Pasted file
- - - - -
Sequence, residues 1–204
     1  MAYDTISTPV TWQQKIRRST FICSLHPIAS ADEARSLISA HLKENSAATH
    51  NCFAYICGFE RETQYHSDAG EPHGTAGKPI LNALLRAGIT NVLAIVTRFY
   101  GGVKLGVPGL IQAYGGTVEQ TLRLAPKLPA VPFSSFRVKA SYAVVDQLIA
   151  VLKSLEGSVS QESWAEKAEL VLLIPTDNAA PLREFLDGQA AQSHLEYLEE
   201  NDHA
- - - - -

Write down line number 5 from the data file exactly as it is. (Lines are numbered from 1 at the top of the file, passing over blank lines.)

   151  VLKSLEGSVS QESWAEKAEL VLLIPTDNAA PLREFLDGQA AQSHLEYLEE